X Band 1980s
A&E

Preview: X at Catalyst

The defining band of L.A. punk digs deep into its catalog

X in its early days, from left to right: Billy Zoom, John Doe, Exene Cervenka, D.J. Bonebrake. Photo: Frank Gargani

By the 1980s, rock musicians were taking themselves way too seriously when it came to politics. Despite all the excruciating earnestness, the handful of truly great political anthems to come out of that decade were the complete opposite: brutally sarcastic and defiantly hard to categorize, as if subverting musical genres would intensify the message of resistance.

Yet they were all, in one way or another, punk rock: the Dead Kennedy’s “Stars and Stripes of Corruption” (six and a half minutes on a punk record!), Mojo Nixon’s “Burn Down the Malls” (I still am not totally convinced he was joking), Fela Kuti’s “I.T.T. (International Thief Thief)” (his best and most vicious song since 1977’s “Zombie”), and X’s “I Must Not Think Bad Thoughts.”

The latter is almost indescribable, but it’s worth a shot: at the end of side one of the famous Los Angeles punk band’s strangest album, 1983’s More Fun in the New World, the song opens like some kind of lounge number. Lead singers John Doe and Exene Cervenka, who made their reputations shredding their vocal cords on their first two albums of powerful punk rock, 1980’s Los Angeles and 1981’s Wild Gift, harmonize in a near-whisper for the entire first verse, before the song suddenly speeds up and roars through a chorus, then goes quiet-loud-quiet until it ends on what is basically a drum solo. It’s a perfectly disorienting backdrop for lyrics like: “I’m guilty of murder/Of innocent men, innocent women, innocent children/Thousands of them/My planes, my guns, my money, my soul/My blood on my hands/It’s all my fault/I must not think bad thoughts.”

It’s one of X’s best songs; unfortunately, the fact that it doesn’t fit in with the short, propulsive attacks of other fan favorites like “Los Angeles,” “We’re Desperate” and “Johnny Hit and Run Pauline” means it has been left off of their set lists for years.

On this tour, however, that’s going to change, says Doe, who formed the band in 1977 with then-girlfriend Cervenka on shared vocals, rockabilly refugee Billy Zoom on guitar and D.J. Bonebrake on drums. Despite breakups (both the personal and professional kind), temporary departures, hiatuses and two reunions, the original lineup is intact, though it’s been added to for the band’s new experiment.

“We’ve added another member, Craig Packham—he plays acoustic guitar on a couple songs, he plays drums on a few songs. So D.J. will play vibes on a few songs, Billy plays sax on a couple songs. We’re playing numbers that we never played because they were too complicated.”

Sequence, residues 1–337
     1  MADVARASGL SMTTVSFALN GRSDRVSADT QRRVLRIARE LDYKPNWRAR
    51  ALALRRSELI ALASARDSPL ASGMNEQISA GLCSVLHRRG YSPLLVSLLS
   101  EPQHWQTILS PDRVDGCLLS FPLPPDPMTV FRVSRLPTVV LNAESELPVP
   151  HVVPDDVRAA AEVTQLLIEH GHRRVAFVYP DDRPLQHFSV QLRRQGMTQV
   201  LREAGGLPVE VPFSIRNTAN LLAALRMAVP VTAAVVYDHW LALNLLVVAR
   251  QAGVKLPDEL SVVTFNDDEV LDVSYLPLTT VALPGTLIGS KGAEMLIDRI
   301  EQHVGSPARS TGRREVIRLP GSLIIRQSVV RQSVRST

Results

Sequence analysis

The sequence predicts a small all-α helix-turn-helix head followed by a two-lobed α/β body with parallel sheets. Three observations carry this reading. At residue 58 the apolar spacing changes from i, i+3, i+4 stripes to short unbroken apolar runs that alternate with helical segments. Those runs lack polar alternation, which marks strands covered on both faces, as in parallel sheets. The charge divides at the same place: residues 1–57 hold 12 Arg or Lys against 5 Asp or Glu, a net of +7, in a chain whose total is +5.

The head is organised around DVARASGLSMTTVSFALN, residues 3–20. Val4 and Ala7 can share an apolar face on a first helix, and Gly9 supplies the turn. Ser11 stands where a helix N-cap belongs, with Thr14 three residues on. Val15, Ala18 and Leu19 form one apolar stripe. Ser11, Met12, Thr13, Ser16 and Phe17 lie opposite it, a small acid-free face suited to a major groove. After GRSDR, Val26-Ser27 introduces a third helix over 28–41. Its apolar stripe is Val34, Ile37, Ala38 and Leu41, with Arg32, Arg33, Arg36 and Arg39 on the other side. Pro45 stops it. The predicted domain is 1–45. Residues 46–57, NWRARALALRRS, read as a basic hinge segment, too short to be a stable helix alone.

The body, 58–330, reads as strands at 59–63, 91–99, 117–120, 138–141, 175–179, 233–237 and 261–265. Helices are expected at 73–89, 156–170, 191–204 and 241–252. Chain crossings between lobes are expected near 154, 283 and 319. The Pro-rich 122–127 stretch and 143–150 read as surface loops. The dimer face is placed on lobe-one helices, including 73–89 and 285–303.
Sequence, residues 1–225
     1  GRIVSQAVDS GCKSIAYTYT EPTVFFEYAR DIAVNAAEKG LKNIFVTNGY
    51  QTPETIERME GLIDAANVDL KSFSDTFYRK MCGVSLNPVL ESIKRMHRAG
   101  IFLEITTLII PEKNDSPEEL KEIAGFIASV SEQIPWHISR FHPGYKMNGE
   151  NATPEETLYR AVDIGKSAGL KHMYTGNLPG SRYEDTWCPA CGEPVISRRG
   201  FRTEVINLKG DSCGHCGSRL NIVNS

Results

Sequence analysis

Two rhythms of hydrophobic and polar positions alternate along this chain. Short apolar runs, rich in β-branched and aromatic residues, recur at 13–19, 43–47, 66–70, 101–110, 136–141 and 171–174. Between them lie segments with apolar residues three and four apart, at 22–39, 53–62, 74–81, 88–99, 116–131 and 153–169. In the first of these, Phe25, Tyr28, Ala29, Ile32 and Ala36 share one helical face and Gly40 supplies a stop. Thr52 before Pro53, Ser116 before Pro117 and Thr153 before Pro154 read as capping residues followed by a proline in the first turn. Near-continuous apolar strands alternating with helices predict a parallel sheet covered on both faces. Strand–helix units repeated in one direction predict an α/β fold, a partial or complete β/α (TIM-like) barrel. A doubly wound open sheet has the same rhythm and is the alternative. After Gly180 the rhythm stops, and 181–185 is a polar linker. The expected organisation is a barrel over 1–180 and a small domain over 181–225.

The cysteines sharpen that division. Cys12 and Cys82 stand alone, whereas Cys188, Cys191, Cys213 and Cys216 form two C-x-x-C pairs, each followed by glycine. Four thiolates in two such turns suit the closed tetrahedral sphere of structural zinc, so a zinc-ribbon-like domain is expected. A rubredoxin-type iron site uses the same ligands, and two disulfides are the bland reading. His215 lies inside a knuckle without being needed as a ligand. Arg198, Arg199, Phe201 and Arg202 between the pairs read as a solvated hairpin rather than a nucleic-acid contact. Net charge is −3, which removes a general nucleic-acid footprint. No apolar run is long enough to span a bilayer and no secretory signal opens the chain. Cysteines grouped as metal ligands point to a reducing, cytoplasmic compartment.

These deeper cuts include not only “I Must Not Think Bad Thoughts,” but also Leadbelly cover “Dancing With Tears in My Eyes” from the band’s third album, 1982’s Under the Big Black Sun.

“We also do straight-up punk rock like X has always done,” says Doe. “It’s a little bit broader and wider, it’s a little more of a three-dimensional show. We started doing it because we were getting offers to play performing arts centers and things like that, and it just seemed weird to play full-on punk rock at these venues where people were sitting down.”

Opening the show will be longtime X compatriot Mike Watt, whose former band the Minuteman is name-checked in “I Must Not Think Bad Thoughts.”

Watt also participated in Doe’s new book (co-authored with Tom deSavia) Under The Big Black Sun: A Personal History of L.A. Punk. The book’s approach is different than other books on punk rock in that Doe reached out to other figures in the late-’70s, early-’80s scene and asked them to each write a chapter about their experience. People had been telling Doe to write a book for years, but when he and collaborator Tom deSavia got a literary agent, an actual deal was suddenly on the table.

“I thought, ‘holy shit, this is actually going to happen,’” says Doe. “The best idea I had was I started thinking about what was unique about the L.A. scene, and the most unique thing was the collaboration and the community. And so I thought ‘Well, why don’t I just apply that to writing the book?’ Then we made a list of different topics of what was important to the scene.”

So, for instance, Dave Alvin of the Blasters wrote about the influence of roots music on the punk scene, Jane Wiedlin of the Go-Gos wrote about living at the Canturbury, a house that was essential to how the scene came together. Henry Rollins, Robert “El Vez” Lopez of the Zeros, TSOL’s Jack Grisham and several others also contributed their experiences. And, of course, Cervenka, who has published several books of poetry herself. Working with her on the book wasn’t a whole lot different than working with her in the band, Doe says.

“We’re partners, artistic partners. That’s pretty rare, and I think we’re both really grateful for the fact that we like each other still,” he says. “Exene’s was the chapter that I didn’t really need her to expand on, because it was so economical and like a long poem, even though it’s obviously not. It just seemed perfect.”


Info: 8 p.m., Aug. 28 at the Catalyst; $25/$30.

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